The launch of pan-European equity trading platform Turquoise, originally planned for November, has been delayed until early 2008 due to complex contract negotiations over the technology platform used to power the venture, according to a spokesperson.
A spokesperson from Turquoise dismissed media reports that infighting between the seven leading investment banks involved was the cause of the launch date slipping.
The spokesperson said the original launch date was a "self-imposed opportunistic timetable".
"There is no official launch date," he said. "We haven't yet signed the large complex contract with the technology provider."
The spokesperson said there was one leading contender to supply the technology platform, shortlisted from an original list of 17 potential providers, but there were still "a couple of other options". Media reports speculate that Nordic bourse operator OMX is the front-runner.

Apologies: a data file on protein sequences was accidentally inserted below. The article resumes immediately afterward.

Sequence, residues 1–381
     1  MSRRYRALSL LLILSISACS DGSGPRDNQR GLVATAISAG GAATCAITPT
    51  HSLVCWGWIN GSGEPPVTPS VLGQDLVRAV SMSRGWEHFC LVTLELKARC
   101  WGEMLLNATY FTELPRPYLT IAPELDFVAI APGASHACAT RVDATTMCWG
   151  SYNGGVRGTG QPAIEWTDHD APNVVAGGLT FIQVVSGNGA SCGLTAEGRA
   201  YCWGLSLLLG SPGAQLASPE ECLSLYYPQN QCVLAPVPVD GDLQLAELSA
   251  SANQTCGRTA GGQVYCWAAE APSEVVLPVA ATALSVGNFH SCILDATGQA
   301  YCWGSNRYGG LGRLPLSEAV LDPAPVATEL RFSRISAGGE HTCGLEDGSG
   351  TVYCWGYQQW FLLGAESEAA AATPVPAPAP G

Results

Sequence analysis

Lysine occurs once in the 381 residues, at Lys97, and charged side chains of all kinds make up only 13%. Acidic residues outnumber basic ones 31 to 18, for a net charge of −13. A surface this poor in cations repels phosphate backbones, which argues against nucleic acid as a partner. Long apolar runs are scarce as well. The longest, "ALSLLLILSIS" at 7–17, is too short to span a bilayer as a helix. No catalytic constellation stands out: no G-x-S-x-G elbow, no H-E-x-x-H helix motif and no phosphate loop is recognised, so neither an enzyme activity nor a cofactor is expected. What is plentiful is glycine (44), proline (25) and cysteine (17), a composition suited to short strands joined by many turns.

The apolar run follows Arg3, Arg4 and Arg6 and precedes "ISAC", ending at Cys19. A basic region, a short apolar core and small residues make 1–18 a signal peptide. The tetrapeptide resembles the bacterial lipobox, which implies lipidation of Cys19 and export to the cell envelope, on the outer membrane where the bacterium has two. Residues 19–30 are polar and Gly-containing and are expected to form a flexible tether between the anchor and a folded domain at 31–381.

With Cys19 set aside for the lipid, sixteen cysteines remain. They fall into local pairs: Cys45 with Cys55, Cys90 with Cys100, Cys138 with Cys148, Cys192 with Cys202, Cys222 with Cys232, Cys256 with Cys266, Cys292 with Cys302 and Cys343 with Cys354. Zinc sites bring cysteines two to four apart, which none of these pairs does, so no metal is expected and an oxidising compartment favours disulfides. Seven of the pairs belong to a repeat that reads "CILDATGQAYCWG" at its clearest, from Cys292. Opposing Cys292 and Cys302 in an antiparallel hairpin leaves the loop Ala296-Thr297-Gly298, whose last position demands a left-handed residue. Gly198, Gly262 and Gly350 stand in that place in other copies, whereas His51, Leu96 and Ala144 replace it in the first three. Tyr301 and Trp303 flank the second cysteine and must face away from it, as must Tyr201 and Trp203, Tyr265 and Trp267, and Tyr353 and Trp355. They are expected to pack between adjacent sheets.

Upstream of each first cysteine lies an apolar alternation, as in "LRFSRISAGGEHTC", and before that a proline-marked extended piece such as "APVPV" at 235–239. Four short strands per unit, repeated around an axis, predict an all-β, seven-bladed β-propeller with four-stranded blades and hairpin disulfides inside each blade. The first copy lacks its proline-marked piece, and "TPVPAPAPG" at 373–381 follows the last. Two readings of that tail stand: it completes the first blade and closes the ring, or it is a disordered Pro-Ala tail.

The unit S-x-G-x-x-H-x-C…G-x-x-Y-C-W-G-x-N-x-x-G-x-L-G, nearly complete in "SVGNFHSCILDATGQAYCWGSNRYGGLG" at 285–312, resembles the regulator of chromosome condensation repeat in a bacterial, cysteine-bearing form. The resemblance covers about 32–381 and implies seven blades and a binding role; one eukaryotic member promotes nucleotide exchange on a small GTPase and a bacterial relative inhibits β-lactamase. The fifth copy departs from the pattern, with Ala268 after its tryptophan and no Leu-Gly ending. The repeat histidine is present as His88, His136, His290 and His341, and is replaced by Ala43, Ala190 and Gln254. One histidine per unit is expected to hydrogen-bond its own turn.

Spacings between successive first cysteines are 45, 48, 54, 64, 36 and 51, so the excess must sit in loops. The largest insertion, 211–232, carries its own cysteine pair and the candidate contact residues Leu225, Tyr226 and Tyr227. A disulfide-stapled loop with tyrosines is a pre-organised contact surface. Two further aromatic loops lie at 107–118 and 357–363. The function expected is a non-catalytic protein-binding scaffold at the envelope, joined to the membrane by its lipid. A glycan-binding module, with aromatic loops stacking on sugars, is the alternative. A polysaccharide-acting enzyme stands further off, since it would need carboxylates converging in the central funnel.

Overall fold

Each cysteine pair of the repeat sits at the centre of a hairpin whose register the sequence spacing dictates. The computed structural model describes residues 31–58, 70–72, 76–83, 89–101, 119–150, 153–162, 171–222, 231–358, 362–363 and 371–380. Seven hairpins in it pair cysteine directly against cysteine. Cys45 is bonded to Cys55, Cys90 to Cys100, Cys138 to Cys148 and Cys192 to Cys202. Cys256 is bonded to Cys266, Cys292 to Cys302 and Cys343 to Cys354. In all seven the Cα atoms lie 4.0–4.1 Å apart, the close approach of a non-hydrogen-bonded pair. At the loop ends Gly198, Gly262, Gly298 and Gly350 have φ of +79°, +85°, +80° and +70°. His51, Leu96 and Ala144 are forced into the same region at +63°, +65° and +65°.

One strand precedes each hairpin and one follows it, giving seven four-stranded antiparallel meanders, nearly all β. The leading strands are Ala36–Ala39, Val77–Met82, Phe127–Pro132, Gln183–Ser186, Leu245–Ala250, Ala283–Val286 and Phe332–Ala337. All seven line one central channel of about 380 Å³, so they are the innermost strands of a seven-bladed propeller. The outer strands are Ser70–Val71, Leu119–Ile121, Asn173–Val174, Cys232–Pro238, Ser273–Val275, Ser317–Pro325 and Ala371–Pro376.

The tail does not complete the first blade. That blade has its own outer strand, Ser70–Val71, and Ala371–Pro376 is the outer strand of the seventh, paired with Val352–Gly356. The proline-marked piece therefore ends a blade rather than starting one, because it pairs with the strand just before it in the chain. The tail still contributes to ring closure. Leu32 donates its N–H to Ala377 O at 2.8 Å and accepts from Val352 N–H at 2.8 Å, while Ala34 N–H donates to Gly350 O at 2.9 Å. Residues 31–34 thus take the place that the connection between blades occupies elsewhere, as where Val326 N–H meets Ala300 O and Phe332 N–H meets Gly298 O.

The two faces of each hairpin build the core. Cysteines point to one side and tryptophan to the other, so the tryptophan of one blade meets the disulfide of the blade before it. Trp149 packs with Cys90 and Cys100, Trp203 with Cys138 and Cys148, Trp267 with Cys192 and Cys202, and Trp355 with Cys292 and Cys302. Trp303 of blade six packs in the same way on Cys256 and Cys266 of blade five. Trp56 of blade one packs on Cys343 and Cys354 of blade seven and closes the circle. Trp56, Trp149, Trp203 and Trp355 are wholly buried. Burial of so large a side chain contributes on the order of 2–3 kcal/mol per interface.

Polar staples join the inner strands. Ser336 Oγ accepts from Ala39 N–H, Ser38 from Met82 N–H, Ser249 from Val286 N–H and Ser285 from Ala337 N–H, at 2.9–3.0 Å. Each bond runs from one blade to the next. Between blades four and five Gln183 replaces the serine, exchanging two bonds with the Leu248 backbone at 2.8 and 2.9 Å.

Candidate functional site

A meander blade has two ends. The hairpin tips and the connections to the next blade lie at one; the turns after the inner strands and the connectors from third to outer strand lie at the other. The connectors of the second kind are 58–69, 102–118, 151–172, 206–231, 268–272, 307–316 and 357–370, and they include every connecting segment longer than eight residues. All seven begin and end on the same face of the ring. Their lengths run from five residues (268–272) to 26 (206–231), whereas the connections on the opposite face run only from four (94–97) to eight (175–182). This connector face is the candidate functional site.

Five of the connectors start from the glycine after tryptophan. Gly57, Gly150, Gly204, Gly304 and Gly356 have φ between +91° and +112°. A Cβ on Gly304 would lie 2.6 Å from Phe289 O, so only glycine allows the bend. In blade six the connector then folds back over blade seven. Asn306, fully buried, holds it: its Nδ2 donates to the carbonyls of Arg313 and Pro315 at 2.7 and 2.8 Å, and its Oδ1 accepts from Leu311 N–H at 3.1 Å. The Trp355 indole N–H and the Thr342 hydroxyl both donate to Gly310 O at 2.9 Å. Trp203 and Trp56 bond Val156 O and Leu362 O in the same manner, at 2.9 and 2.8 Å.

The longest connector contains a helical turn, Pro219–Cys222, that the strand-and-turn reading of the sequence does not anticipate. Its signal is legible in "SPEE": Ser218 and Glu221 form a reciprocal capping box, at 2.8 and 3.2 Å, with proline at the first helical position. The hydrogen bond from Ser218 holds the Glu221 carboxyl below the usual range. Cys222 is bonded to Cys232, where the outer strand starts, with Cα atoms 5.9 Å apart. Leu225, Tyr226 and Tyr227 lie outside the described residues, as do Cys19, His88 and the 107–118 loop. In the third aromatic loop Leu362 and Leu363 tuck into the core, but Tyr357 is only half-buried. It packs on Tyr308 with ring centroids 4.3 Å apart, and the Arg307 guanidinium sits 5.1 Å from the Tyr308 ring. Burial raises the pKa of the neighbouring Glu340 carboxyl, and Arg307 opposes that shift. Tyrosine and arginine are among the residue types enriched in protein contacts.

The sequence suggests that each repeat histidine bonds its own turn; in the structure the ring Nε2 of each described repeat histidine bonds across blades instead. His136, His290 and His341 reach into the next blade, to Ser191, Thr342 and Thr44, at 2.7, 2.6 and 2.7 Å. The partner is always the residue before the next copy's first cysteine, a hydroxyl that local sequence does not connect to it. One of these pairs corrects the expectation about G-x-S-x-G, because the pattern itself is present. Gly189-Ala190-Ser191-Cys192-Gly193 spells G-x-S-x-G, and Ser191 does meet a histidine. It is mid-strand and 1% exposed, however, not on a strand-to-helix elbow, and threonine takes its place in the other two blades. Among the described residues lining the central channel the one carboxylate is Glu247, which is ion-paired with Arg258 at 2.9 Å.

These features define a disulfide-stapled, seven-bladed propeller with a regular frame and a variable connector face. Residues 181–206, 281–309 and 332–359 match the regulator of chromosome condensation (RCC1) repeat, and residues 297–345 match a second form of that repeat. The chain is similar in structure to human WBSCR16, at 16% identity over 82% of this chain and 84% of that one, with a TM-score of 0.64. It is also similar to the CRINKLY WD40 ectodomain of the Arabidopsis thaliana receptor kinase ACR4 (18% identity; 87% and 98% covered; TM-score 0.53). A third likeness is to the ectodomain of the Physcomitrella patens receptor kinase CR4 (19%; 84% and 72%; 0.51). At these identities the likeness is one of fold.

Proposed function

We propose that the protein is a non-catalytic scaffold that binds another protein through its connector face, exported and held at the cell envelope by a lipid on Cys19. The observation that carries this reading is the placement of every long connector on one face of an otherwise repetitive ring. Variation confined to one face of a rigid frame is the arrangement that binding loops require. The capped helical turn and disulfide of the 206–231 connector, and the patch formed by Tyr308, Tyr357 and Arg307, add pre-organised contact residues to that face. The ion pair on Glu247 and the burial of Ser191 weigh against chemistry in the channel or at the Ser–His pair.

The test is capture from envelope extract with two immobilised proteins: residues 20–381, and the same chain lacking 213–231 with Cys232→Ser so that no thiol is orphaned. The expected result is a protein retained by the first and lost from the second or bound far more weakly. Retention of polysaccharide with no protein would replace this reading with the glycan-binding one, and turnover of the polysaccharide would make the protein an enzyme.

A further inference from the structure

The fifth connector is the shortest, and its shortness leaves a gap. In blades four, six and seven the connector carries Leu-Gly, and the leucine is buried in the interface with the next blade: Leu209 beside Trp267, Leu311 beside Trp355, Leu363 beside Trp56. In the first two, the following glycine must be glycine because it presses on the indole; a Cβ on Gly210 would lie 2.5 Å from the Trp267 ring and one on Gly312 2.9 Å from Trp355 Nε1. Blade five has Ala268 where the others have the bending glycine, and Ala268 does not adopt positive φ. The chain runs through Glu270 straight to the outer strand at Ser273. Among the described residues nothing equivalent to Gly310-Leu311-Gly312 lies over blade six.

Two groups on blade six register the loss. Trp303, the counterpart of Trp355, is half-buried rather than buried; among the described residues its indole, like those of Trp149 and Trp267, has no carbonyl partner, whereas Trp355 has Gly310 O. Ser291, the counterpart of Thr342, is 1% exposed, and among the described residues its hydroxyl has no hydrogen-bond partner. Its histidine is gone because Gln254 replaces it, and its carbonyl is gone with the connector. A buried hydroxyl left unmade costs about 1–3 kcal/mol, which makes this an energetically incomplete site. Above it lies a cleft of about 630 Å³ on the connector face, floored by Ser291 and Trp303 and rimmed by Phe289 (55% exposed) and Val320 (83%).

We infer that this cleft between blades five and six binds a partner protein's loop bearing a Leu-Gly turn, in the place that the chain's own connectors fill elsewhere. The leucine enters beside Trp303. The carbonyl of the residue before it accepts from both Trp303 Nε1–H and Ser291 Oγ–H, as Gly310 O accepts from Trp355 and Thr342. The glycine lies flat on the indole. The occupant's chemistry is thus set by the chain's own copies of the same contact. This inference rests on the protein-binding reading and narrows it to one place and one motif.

Turquoise – backed by Citigroup, Credit Suisse, Deutsche Bank, Goldman Sachs , Merrill Lynch, Morgan Stanley and UBS - hopes to select its technology provider by the end of August, and will appoint a chief executive shortly afterwards.
The spokesperson said that the final choice of provider would be influenced by the outcome of the contract negotiations. The chosen platform needs to be robust, with rich functionality and capable of low latency.
Similarly, the appointment of the CEO will be influenced by the technology platform that is chosen. The spokesperson confirmed Turquoise has narrowed down the list to just two candidates, both with a depth of experience within exchanges. However, the final decision will depend in part on the technology selected.
Turquoise will compete with domestic European exchanges, such as the London Stock Exchange, following the introduction of the EU's Markets in Financial Instruments Directive – or MiFID – in November.
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